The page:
As a veteran of countless MMOG launches and betas, I've come to realize that when problems inevitably surface, a transparent and honest approach will garner the most respect from your game's community.
Most MMOs will encounter at least one or two major hiccups during their launch. Even World of Warcraft had a very shaky start. Sometimes these problems will only affect a certain portion of players, and so a developer may be inclined not address the issue as loudly. But a forum post buried in a sea of topics is usually not enough.
The problem with addressing issues on twitter, blogs, or even forum posts is that angry players are likely to voice their complaint before reading these posts. It's best to prominently place messages on the launcher. It may seem like a bad move to "put your worst foot forward" as it were, but the truth is that players for whom the game works are not likely to care, and posting it on the launcher means that prospective customers will not see the message.
These posts should be as informative, offering workarounds if possible, and should channel players that are experiencing problems to the right area of your forums or site. I've found that most players are not satisfied when posts are made that read something like: "We are aware there is a problem and are currently working to fix it, but we have no ETA."
If there is a problem with a downed router somewhere, say so. If there is a problem with the way a patch was implemented, say so. Players will respect and appreciate your honesty and additional information.
For instance, in Champions Online's recent launch, a slip up caused a lengthy outage. But rather than a generic, "we're working on it" post, Awen of Cryptic confessed that a new member of the team had made a crucial mistake, adding that it would be resolved soon. The community's response was relatively positive. Yet when Cryptic neglected to sufficiently address the technical issues that prevented hundreds of players from progressing past the launcher, their boards were flooded with angry posts. This can hurt a game's launch as prospective customers are likely to visit its forums before making their decision on whether or not to purchase.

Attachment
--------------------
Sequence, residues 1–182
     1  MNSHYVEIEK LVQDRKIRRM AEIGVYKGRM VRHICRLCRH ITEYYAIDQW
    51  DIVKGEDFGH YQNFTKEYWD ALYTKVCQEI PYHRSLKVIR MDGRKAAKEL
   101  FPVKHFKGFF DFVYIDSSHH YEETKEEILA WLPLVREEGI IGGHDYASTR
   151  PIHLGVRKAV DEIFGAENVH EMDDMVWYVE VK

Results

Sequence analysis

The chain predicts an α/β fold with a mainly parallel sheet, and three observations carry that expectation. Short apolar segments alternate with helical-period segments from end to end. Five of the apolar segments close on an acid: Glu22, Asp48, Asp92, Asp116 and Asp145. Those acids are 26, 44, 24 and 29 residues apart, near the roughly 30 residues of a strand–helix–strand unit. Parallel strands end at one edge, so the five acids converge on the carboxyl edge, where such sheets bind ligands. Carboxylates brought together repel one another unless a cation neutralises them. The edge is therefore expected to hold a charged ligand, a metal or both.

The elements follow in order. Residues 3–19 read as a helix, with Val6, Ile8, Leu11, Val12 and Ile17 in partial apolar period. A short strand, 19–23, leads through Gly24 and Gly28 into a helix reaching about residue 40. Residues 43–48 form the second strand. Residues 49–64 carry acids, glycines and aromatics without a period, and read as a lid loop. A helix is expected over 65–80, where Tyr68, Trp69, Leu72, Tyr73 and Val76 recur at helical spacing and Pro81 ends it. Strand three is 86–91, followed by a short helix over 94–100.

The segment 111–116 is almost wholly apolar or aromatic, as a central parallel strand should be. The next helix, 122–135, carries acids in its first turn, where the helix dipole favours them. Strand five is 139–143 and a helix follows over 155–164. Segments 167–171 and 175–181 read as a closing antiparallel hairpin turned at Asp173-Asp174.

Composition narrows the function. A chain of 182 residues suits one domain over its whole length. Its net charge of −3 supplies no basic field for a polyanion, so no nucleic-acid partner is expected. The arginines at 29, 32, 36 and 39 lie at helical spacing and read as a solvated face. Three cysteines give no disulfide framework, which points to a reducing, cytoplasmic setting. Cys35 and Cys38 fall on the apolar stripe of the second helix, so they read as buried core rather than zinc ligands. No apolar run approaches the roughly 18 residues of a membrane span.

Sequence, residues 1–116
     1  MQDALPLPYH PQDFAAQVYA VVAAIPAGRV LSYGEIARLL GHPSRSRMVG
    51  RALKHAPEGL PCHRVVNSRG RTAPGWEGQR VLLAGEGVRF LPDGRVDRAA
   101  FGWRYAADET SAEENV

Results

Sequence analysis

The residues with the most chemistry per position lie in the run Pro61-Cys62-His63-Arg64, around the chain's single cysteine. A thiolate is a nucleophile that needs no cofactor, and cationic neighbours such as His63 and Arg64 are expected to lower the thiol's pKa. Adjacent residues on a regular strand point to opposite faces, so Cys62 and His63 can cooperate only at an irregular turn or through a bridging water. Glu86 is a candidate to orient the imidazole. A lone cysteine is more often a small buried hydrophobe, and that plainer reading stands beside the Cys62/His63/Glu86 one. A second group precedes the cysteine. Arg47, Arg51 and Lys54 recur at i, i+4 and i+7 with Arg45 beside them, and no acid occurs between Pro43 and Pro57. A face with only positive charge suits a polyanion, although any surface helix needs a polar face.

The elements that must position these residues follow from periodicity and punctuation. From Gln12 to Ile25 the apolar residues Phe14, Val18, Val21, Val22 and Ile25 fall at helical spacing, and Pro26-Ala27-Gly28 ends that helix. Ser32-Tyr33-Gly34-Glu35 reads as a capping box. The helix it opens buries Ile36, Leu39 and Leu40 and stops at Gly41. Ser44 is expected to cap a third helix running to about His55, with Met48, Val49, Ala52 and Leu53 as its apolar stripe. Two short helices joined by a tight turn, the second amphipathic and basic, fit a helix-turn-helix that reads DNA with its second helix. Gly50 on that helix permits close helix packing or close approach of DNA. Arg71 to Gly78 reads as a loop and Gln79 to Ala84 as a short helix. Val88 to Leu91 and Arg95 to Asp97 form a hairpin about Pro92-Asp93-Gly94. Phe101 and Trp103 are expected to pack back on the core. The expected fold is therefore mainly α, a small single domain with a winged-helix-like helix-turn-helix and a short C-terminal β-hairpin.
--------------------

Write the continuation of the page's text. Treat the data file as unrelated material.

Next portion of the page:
A good community is essential to an MMOG's success, and it's all about how you manage it. The community manager is a position that has gained importance in recent years. It is important to establish a good rapport with your players, but be careful not to sound condescending in posts, particularly those made addressing downtimes or other technical trouble.
Avoid "sounding cute" to angry customers. Don't begin posts with greetings like "Good Morning Heroes!" when dealing with these sort of problems. Remember that you are speaking to angry customers, who have every right to be disappointed by the fact that your company has in some way not delivered on a promised service, and should be treated as such. There is a time and a place for everything.
The nature of the internet and games does not typically engender respect. But if you want respect from your players, its best to respect them first.